Sunday, February 08, 2009

The Comic Haul - 02/04/09

Back with another week of The Comic Haul. Let's get to it, shall we?

Agents of Atlas #1: Here's my pick of the litter for this week. AoA #1 is a long time in coming and worth every minute of the wait. Parker does a great job of bringing you into the Agents' world and, as he did in Mysterius before this, gives us a lot of exposition without making a single moment of it boring. Case in point, in this issue we get introduced to Norman Osborn and his interest in the Atlas Foundation, the hidden headquarters of the Agents, a bait and switch plot that introduces you to the powers and motivations of our principle characters and a Dragon eats Man Mountain Marko. How much more could you possibly want? Could it be a back-up story featuring the Agents and Wolverine in 1950s Cuba contending with brain controlling bugs? Yeah, I thought it might. The only negative thing I can say about the book is that Leonard Kirk isn't drawing it but 1)I never want him to leave Captain Britain (unless it is to return to AoA), and 2)Carlo Pagulayan is doing a phenomenal job in his place and looks to be quickly making this book his own. I can only hope that Marvel keeps putting out books like Agents of Atlas. I'll be spending more of the hard-earned cash in the Marvel U if they do, that's for certain.

Witchblade #124: I'll state my bias right off and say that I've never loved this concept or title much in the past. The gothic softcore stuff that Top Cow has been producing for 10+ years just doesn't catch my interest much. It should come as no surprise to anyone, then, when I say that I did not enjoy Witchblade #124 very much and have very few good things to say about it overall. Seeing Ron Marz' name on the cover had me hoping for at least a readable story. I mean, I bought a number of Wetworks issues when JM DeMatteis worked on it, so anything was possible, right? I have my doubts as to whether or not Marz even dialogued this one, to be perfectly honest. I've read his stuff before and it's never been quite this stiff and meandering. There was nothing to draw me in, here. The artwork by Stjepan Sejic had a couple of brief moments of coolness, but just don't think his stuff works well in sequential form. I suppose if you're a devotee of Greg Horn, you may find some appeal in Sejic's work, but I can't come back for another issue after this one. My Witchblade days are done.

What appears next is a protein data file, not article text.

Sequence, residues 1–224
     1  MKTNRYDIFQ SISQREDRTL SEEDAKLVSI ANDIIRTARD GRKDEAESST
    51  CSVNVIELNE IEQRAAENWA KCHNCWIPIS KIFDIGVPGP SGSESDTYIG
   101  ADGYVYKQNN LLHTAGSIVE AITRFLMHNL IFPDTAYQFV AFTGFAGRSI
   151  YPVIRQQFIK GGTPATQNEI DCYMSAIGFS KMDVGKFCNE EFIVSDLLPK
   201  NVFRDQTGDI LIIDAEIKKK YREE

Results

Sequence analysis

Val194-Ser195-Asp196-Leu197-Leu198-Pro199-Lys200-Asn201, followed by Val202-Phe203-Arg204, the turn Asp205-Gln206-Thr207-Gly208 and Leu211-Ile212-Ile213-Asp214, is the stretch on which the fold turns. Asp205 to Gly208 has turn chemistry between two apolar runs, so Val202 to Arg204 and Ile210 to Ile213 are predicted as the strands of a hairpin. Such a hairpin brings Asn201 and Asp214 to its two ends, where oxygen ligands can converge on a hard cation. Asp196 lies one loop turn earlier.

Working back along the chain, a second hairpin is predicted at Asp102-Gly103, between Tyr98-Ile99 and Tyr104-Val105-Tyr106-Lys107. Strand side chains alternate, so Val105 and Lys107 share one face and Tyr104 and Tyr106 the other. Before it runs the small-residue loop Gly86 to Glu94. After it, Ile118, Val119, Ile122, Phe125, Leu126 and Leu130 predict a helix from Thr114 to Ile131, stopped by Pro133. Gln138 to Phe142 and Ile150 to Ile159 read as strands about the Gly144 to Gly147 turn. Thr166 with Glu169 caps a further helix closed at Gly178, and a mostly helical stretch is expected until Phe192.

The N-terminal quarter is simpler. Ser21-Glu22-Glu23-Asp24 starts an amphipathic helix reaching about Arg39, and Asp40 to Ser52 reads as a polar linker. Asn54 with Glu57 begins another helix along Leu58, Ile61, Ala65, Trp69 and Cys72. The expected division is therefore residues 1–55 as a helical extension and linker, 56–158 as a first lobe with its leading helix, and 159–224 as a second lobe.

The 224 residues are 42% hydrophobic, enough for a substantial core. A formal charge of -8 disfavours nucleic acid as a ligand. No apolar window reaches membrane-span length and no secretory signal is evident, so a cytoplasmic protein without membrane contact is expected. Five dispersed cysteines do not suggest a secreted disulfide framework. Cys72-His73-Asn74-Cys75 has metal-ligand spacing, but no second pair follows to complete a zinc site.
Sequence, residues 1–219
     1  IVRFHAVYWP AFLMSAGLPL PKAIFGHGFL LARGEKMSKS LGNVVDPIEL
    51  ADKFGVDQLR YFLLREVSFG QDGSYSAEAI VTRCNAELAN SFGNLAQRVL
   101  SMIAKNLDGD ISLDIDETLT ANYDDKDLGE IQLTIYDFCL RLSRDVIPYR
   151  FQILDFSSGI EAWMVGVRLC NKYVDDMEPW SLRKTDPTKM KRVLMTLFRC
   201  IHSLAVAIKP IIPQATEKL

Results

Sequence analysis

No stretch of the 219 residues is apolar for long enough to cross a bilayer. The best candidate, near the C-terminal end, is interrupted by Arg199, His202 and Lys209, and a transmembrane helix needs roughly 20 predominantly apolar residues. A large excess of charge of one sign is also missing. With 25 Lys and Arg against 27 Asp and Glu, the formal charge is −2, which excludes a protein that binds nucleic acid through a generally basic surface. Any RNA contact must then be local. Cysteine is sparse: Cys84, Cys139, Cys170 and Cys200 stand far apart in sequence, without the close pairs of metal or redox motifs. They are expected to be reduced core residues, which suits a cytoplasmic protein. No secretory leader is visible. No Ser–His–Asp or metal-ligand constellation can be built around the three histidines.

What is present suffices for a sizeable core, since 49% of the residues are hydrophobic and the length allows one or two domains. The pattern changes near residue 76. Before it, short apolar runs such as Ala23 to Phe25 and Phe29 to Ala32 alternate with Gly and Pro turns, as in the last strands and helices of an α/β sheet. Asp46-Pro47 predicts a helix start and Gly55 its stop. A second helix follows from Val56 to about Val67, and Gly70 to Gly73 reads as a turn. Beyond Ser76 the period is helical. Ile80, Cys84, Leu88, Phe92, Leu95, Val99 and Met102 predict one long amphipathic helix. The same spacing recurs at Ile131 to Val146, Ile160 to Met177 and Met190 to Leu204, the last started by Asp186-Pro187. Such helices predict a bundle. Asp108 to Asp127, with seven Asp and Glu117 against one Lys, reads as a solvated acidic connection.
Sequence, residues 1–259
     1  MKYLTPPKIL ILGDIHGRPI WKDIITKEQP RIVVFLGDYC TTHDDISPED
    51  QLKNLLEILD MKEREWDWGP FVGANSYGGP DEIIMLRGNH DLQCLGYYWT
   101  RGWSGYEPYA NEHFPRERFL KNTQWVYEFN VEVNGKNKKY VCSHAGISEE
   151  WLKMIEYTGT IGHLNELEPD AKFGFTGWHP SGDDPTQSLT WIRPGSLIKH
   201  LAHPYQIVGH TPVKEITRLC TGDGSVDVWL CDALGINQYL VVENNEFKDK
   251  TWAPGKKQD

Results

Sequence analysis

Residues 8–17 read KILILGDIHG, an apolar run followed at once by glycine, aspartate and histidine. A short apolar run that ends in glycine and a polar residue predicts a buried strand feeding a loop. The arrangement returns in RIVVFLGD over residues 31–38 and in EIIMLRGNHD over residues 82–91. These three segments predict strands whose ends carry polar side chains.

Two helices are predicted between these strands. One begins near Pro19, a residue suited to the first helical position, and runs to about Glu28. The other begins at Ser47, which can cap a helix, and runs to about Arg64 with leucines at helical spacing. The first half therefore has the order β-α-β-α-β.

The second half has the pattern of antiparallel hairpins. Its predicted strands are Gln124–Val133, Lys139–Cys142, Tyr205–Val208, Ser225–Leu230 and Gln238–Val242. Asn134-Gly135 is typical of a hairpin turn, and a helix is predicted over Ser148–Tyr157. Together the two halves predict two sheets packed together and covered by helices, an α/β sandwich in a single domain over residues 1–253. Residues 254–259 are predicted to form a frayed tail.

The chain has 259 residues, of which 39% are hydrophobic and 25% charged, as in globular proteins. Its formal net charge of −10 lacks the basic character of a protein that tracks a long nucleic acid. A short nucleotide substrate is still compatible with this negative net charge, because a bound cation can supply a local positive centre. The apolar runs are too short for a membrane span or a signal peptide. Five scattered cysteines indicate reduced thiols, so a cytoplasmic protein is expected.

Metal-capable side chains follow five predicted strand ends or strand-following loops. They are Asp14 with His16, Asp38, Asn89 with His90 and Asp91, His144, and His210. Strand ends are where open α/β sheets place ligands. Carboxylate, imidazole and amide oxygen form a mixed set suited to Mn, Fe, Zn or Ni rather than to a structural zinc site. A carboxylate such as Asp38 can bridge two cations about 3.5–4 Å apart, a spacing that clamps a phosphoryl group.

Invincible Iron Man #10: I'm not at all happy with the artwork of Salvador Larroca in this issue, which disappoints me a bit. Salva is one of the reasons I still maintain any interest in this book despite slowing down, somewhat, since its initial storyline. Part of the ennui could be a result of how interweaved into the Marvel U Tony's story has become and I've never been a big cross-over summer event kind of guy. I do, however, really like Fraction's portrayal of Pepper and I'll admit that the Tony on the run does have some charm to it. Watching him dismantle his empire in order to keep it out of the hands of Norman Osborn and H.A.M.M.E.R. has its moments. And the 'surprise' direction for Pepper has me kind of enthused for where things may be going. Still worth keeping up with if the cover price doesn't kill me in the end.

Dead Irons #1: It seems to be all the rage for popular artists to 'art direct' but not actually do anything more than the covers and that remains true of Dead Irons, the new horror/western out from Dynamite Entertainment. I really liked the artwork of Jason Shawn Alexander and, I'll admit, he is the primary reason for why I picked this book up. Still, the story by James Kuhoric feels very draggy and, for the most part, fails to even convey what it is you're reading. If you haven't read the solicitation text you may never know it's about a group of brothers and sisters-the Irons-who are all creatures of the night. Three have become bounty hunters and work both sides of the law, while one has dedicated himself to stopping his siblings. I think that's what it is about, anyway. Like I said, it was never entirely clear. The plot, such as it is, moves achingly slow and I almost put the book down twice before deciding to soldier on in order to finish it for this review. As always, I'll keep an eye on the series, maybe try another issue or two in the store and see if it develops its legs, otherwise this one is hitting the pass pile

Amazing Spider-Man #584: This issue was an improvement over the last which surprises me since so much of it is taken up by a slugfest. Normally I criticize books when they forego good dialogue and characterization to have a 22 page smack down, but I'm willing to entertain the idea that I not-so-secretly enjoy seeing Spidey giving or taking a whuppin' because I really enjoyed reading this one. And the way Romita, Jr. draws the whole affair is just sublime. I should also give props to Marc Guggenheim who managed to keep my interest this time around. As evidenced in my last review something about last issue just didn't click with me. It felt like there was too much exposition, too much plot with too little of anything else for someone just tuning in to latch on to and, as a result, I almost passed this one up. I'm glad I stuck with it, though, because the second part of "Character Assassination" was much better balanced and could be shaping up to be a fun ride.

Comments, as always, are welcome. Until next week.



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